13 May 2016  •  Options Out Of The NHS  •  2min read By  • Zoe Close

Value for Money?

In issue 13 of The Business of Dentistry Magazine, an exclusive interview with the Chair of the BDA, Mick Armstrong, divulged his views on the future of the BDA as well as dentistry in the UK. Here, Zoe Close, Area Sales Manager from Practice Plan, reflects on Mick’s views on the removal of a target driven contract for dentists.

Mick was quite vocal in his interview about this topic, opting potentially for a full capitation approach. He also expressed the need to acknowledge that this may result in asking the question, ‘do we need more resources in dentistry?’ to cope with retaining access levels.

When it came to discussing if all of this could be done and still deliver ‘value for money’ for the taxpayer, Mick’s response was quite clear – in the Government and Area Teams’ eyes ‘value for money’ means ‘cheap’ – and I couldn’t agree with him more. Value for money in my world is a patient-focused dentist striving their hardest to achieve the best for the patient at all times.

Whereas, and he was quite right to state that, in real terms, the Government is actually putting less money in. The population has increased and the amount of money put into NHS dentistry has gone down. At the same time, the patient charge percentage has gone up. Highlighting that ‘Government spend on dentistry is actually less than they claim and it’s far less than it should be’.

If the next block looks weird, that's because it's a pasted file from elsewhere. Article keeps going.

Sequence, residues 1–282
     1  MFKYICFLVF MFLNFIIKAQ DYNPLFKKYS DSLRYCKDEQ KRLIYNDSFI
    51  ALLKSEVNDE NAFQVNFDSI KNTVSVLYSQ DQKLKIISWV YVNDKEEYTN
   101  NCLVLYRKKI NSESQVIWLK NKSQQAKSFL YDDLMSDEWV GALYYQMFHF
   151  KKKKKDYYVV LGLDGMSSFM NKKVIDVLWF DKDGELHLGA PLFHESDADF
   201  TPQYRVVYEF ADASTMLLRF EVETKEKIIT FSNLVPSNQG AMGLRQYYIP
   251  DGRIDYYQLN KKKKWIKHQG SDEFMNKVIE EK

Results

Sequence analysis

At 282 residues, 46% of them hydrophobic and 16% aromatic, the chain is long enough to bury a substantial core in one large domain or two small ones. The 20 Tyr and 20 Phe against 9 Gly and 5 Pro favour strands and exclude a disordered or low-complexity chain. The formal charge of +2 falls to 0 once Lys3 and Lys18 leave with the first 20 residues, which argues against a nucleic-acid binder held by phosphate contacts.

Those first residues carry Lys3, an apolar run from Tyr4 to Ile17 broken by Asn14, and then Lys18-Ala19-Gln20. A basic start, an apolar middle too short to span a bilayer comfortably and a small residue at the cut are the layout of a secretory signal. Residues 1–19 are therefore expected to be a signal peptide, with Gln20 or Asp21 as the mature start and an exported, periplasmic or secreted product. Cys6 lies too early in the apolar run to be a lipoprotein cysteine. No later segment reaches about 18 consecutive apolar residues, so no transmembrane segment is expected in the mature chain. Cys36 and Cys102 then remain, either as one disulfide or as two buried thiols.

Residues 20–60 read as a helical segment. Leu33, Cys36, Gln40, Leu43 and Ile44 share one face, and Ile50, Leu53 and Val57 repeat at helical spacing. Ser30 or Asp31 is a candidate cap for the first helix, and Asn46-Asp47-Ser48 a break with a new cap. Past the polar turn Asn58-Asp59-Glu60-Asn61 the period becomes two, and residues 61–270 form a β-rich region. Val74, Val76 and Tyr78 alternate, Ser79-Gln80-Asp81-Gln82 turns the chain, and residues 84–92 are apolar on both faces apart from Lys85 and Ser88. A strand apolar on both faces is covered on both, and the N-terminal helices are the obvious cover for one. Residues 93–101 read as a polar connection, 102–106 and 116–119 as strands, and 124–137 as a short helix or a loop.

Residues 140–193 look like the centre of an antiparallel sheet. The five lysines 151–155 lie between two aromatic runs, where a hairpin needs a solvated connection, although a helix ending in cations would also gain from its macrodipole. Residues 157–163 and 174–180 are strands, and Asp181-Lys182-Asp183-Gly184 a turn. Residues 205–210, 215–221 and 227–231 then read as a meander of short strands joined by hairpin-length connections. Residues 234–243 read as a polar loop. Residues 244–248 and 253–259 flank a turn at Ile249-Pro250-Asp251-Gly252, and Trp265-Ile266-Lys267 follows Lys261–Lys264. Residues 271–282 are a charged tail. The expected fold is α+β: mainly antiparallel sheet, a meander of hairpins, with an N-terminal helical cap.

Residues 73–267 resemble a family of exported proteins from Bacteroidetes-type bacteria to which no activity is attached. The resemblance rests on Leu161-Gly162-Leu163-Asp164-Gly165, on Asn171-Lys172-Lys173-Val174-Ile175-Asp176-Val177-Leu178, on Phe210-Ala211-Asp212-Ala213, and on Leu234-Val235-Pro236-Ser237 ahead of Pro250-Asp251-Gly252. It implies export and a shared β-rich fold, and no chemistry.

Again, I have to agree. NHS dental contracts have been driven down so much. I’ve worked in the industry for 30 years and seen every change along the way. Not only have I seen dentists become depressed about the situation but staff demoralised when witnessing a dentist’s behaviour change towards their patients because of the pressure to achieve unrealistic targets.

In my experience, NHS dental practices, when forced to focus on targets whilst also being asked to deliver ‘value for money’, are rapidly becoming the less desirable places to work, and I think that it is a terrible shame – for those dentists in that situation, their teams and their patients.

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